Texas Rangers Win Yu Darvish Bidding: Trying To Take People's Eyes Off Angels
It was announced early Tuesday that the bidding for Japanese pitcher Yu Darvish was won by the Texas Rangers.
The Rangers, who won the bidding with an offer around $51.7 million, now have 30 days to sign Darvish to a contract, before he would return back to Japan to play. The bid for Darvish does not include the contract they would sign with him, so the Rangers are looking at investing over $100 million into Darvish if they do indeed sign him.
My question: what are the Texas Rangers thinking with this move?
In his career in Japan, Darvish is 93-38 with a 1.99 ERA and is considered the best pitcher in Japan. There is not doubt that Darvish is very talented, but is he really worth all of this money?
For one thing, the Texas starting rotation already appears to be brilliant coming into this season. The rotation right now (in no particular order) would feature Derek Holland, Alexi Ogando, Matt Harrison, Colby Lewis and former closer Neftali Feliz.
Another question I have with this decision on Darvish is why did the Rangers not just push harder to bring back their ace pitcher C.J. Wilson? Wilson went on to sign a five-year, $77.5 million deal with the Rangers' division rival, the Los Angeles Angels.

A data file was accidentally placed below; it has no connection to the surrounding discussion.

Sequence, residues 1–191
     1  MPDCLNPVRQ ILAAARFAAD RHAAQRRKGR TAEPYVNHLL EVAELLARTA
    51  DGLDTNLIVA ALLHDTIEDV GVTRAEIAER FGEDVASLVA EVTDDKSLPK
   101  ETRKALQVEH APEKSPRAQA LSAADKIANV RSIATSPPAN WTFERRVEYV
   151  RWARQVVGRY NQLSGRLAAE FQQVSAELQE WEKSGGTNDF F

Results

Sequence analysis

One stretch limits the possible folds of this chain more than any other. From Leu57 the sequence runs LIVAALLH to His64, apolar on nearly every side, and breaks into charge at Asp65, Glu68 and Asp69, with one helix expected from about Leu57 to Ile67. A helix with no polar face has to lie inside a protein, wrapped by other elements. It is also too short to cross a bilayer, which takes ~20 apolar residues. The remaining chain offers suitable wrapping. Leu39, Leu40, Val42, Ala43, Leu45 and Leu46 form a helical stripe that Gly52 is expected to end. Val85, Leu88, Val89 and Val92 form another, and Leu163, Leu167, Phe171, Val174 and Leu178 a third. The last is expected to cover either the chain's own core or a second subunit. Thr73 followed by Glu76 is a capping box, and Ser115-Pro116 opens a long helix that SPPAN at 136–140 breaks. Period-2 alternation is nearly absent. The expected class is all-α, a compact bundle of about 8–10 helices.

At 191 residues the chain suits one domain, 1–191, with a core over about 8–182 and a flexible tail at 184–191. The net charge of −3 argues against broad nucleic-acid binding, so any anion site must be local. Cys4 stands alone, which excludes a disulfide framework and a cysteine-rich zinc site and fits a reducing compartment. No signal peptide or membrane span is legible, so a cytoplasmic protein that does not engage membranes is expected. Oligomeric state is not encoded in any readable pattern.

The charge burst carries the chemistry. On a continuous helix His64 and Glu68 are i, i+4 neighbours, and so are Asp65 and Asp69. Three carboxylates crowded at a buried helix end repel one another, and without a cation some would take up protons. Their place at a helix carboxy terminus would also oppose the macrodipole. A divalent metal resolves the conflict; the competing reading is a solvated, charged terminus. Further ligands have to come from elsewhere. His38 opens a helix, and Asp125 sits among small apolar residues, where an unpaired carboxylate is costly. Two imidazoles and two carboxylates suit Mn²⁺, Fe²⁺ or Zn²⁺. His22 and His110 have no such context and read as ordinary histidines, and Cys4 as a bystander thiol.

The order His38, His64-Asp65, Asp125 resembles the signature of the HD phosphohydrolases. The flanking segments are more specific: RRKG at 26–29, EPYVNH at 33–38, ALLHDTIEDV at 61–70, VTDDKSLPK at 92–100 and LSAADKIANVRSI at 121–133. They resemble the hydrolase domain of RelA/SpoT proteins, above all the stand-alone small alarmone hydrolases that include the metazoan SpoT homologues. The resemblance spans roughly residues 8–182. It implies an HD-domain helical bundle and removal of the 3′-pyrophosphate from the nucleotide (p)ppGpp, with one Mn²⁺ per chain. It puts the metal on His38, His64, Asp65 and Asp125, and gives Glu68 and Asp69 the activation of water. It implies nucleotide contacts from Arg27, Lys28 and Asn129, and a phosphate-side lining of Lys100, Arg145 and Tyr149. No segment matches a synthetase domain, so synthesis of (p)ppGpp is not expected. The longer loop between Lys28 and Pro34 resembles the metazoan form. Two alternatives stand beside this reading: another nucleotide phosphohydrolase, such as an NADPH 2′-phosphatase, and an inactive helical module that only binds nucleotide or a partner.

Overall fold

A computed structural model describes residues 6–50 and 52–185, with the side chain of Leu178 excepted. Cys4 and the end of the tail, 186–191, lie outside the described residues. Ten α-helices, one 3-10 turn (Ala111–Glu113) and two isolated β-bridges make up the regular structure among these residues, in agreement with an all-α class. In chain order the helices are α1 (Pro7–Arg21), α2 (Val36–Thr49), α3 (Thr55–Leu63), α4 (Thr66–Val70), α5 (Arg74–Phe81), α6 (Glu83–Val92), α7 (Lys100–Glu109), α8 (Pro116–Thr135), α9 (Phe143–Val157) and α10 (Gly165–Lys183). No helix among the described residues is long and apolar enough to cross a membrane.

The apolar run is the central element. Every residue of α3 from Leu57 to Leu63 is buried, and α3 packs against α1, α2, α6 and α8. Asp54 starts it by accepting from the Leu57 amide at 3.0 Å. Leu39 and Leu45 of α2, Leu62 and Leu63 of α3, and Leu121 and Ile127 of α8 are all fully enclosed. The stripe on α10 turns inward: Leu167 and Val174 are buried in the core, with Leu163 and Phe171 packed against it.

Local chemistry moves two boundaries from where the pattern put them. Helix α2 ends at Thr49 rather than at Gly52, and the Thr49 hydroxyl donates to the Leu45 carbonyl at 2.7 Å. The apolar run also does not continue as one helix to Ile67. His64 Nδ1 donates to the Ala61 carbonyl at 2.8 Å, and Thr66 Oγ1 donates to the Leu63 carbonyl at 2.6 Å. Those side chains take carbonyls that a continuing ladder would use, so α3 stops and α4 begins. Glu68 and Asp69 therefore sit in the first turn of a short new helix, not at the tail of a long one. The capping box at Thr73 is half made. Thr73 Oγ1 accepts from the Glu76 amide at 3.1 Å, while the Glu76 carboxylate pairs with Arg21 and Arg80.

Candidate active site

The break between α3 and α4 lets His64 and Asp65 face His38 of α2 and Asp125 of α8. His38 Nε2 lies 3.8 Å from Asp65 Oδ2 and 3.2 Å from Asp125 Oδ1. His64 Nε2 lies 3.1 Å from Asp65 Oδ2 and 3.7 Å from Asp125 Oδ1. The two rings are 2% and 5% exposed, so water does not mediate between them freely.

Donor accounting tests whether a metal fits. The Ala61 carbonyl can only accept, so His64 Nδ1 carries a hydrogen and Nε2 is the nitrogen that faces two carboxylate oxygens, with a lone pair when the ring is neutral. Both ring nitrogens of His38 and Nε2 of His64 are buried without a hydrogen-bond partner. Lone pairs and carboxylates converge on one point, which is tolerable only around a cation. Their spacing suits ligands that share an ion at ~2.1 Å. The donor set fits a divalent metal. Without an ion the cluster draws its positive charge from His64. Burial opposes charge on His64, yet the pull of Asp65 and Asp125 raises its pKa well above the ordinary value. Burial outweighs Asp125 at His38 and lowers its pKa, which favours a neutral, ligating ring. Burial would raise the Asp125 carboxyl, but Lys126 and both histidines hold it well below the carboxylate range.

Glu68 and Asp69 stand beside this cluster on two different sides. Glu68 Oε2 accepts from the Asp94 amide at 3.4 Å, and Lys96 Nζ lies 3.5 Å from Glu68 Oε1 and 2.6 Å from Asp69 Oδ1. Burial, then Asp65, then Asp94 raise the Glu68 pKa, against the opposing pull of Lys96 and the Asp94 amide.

Could the Angels possibly be what this move is all about?
With all the media attention the Angels are receiving for their acquisitions of Wilson and slugger Albert Pujols this offseason, could this be a ploy by the Rangers to get some of that attention directed back toward them?
I believe it most likely is.
Darvish has been the center of a lot of hype over the past few offseasons. Many people have wondered when the Japanese superstar would finally come over and try his luck in the MLB. With the Rangers winning the bidding for Darvish, they have focused the offseason attention back toward them, and away from the Angels.
Darvish would indeed be an outstanding offseason pickup for Texas. I think Darvish could contribute mightily to the Rangers rotation, and may even make them consider putting Feliz back into the bullpen. The only problem for Texas is the price. How high will the Rangers be willing to go to make Darvish a member of their organization?
Regardless of what happens with the Darvish signing, the Rangers have done one thing with winning this bid; they have stopped the noise in LA about Wilson and Pujols being sent from heaven. The defending American League champions have turned the baseball spotlight back toward them and away from Los Angeles.
The Texas Rangers are once again the talk of baseball. Maybe that was all they were looking for.
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